The Consequences of Obesity on Health

May 2, 2022by Health Desk
Understand the vast health risks associated with overweight and obesity.


Society has an oversimplified and myopic view that obesity is a personal choice or moral failure. Obese people are often stigmatized, and exposed to public disapproval and discrimination. Obesity is not a moral failing but a complex disease with the interplay of many factors – Inherited, physiological, environmental, and lifestyle choices. Hence it is difficult for some people to lose weight.  

Obesity increases the risk of diseases and health problems. There is a striking reduction in life expectancy. However, the good news is that even a modest reduction in weight can improve or prevent problems. 

What are the Criteria for Overweight or Obesity? 

Body mass index (BMI) is used to diagnose Overweight and Obesity and is calculated by dividing weight in kilograms by height in meters squared.

  Whites, Hispanixcs, Blacks   Indians   Asians 
Overweight  BMI ≥ 25.0-29.9 kg/m2  BMI ≥ 23 to 24.9 kg/m2  BMI ≥ 23 to 24.9 kg/m2 
Pre-Obese    BMI ≥25 to 29.9 kg/m2    
Obesity  BMI ≥ 30.0 and higher Kg/m2  BMI ≥30 kg/m2  BMI ≥ 25 kg/m2  

What are the health consequences of obesity? 

Obesity is a ticking time bomb waiting to go off. Along with diminishing the overall quality of life Obesity can cause various health problems and some can be serious. These health problems include:

Diabetes mellitus 

More than 80 percent of cases of type 2 diabetes can be attributed to obesity. Insulin resistance has been attributed to overweight and Obesity along with other factors such as overeating, sedentary lifestyle, and genetics.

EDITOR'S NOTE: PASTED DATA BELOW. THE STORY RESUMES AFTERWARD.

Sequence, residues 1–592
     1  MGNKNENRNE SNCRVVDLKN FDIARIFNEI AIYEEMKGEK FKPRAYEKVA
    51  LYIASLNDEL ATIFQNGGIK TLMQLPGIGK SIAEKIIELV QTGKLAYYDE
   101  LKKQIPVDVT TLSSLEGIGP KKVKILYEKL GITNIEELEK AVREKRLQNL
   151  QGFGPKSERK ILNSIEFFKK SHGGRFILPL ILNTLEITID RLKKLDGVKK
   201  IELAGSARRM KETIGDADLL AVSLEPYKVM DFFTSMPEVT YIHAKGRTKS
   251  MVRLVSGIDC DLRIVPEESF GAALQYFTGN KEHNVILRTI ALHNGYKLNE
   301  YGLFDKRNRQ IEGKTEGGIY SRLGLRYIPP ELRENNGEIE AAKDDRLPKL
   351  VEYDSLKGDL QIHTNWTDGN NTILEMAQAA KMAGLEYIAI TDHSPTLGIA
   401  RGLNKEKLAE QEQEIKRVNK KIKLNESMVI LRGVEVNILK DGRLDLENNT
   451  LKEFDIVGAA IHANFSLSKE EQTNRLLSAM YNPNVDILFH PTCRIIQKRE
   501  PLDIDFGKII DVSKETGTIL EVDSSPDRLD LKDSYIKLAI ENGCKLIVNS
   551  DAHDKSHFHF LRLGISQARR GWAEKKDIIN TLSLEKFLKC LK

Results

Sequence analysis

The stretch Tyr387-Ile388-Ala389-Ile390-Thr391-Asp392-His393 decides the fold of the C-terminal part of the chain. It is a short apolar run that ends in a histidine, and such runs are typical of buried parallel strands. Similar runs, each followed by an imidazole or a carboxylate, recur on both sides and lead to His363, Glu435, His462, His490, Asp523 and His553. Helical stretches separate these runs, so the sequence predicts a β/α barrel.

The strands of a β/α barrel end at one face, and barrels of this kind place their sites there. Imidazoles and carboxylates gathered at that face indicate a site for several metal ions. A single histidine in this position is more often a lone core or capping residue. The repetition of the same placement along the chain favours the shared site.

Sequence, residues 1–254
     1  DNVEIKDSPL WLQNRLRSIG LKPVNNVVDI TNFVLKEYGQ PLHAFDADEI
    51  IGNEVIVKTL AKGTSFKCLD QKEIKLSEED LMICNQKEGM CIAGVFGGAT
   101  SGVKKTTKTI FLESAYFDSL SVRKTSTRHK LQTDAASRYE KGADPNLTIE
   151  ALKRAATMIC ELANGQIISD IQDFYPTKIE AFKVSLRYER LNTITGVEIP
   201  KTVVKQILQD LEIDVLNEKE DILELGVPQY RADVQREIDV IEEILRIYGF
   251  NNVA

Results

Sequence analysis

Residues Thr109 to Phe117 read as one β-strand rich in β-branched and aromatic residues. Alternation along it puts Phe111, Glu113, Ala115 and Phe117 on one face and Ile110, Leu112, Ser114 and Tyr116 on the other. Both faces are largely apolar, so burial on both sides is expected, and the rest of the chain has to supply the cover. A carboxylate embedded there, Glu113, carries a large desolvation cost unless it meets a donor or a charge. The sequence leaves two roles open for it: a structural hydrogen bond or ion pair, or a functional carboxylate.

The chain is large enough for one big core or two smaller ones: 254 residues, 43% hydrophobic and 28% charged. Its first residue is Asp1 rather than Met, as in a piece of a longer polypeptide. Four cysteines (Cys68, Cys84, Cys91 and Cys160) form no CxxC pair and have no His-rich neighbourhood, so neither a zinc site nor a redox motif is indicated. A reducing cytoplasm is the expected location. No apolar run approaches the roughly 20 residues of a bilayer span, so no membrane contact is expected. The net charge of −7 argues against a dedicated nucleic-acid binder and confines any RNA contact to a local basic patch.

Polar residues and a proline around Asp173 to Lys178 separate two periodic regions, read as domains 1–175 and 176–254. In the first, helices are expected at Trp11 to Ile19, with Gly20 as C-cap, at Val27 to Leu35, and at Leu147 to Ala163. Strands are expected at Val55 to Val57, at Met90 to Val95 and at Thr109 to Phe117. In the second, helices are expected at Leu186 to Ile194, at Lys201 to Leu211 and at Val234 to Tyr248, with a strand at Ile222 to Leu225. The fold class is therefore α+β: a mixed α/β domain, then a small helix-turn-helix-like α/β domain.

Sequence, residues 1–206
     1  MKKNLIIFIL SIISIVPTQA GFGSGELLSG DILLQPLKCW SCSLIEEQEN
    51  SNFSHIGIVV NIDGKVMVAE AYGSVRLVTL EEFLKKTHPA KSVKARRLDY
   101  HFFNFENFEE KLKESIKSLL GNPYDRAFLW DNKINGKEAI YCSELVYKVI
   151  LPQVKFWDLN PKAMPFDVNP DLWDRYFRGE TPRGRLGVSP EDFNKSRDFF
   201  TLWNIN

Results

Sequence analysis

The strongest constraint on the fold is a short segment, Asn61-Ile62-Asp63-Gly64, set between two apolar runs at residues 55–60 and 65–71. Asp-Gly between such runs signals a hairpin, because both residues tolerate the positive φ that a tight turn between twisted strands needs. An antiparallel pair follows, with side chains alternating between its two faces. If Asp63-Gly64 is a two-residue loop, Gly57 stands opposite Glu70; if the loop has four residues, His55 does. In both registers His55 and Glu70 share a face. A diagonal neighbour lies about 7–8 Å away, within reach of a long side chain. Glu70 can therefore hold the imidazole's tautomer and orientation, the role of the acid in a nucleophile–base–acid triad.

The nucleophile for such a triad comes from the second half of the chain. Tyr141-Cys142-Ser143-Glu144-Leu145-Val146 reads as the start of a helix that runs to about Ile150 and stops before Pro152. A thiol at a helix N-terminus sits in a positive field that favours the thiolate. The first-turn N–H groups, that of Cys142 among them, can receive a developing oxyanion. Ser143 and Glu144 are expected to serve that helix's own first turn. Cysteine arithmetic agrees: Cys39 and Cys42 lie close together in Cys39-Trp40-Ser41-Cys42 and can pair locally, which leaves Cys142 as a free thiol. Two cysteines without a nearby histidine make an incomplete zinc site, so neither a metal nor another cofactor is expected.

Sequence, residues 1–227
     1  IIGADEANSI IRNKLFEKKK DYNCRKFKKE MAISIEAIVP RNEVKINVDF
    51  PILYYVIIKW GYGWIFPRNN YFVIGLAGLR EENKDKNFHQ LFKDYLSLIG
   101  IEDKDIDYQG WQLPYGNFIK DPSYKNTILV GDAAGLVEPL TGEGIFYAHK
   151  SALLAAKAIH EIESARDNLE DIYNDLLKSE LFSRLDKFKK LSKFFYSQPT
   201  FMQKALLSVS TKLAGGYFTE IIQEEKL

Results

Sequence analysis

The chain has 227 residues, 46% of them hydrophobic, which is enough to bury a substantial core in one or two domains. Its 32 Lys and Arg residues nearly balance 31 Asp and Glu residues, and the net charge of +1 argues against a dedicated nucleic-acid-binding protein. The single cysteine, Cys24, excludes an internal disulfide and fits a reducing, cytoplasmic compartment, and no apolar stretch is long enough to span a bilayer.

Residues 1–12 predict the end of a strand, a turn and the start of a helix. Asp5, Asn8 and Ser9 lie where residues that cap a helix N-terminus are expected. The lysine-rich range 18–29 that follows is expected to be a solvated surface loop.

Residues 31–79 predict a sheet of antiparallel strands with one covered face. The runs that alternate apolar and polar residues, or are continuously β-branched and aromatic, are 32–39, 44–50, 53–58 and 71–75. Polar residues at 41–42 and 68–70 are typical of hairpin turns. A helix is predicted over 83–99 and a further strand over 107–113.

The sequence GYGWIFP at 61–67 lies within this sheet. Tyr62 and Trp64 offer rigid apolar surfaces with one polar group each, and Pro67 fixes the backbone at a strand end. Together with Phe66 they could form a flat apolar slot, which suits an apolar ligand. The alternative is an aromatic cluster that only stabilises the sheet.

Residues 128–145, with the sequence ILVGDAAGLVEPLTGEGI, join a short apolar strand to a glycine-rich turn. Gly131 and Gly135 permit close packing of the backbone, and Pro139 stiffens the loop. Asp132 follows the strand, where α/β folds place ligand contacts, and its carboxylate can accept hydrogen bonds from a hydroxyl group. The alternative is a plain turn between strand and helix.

Changes in lipid metabolism 

Obesity can result in: 

  • High blood levels of triglycerides and bad cholesterol – low-density lipoprotein (LDL) cholesterol and very-low-density lipoprotein (VLDL) cholesterol can increase the risk of clogged arteries causing a heart attack, stroke. 
  • A reduction in good cholesterol – High-density lipoprotein (HDL) cholesterol. Good cholesterol is needed to remove excess bad cholesterol {Low-density lipoprotein (LDL-C)} by attaching to it and returning it to the liver where bad cholesterol is broken down. This also increases the risk of clogged arteries causing a heart attack, stroke 

High Blood Pressure 

The amount of work your heart and blood vessels must do is increased to meet the energy needs if the body mass is higher. This can make the blood vessels stiffer with an increase in pressure. The risk of hypertension is greatest in people with upper body and abdominal obesity. 

Heart disease

Obesity is associated with an increased risk of: 

  • Coronary artery diseaseThe frequent coexistence of other cardiovascular risk factors with obesity such as diabetes, hypertension, and high cholesterol levels contribute to the clogging of the coronary arteries, the arteries that supply the blood to the heart. When the blood supply to the heart is compromised, it will lead to Angina, and heart attack. 
  • Other heart disease includes Heart failure because of the increased workload by the heart to meet the needs; fat accumulation in the heart; Heart rhythm disorder called atrial fibrillation due to an increase in the size of the left atrium, one of the chambers of the heart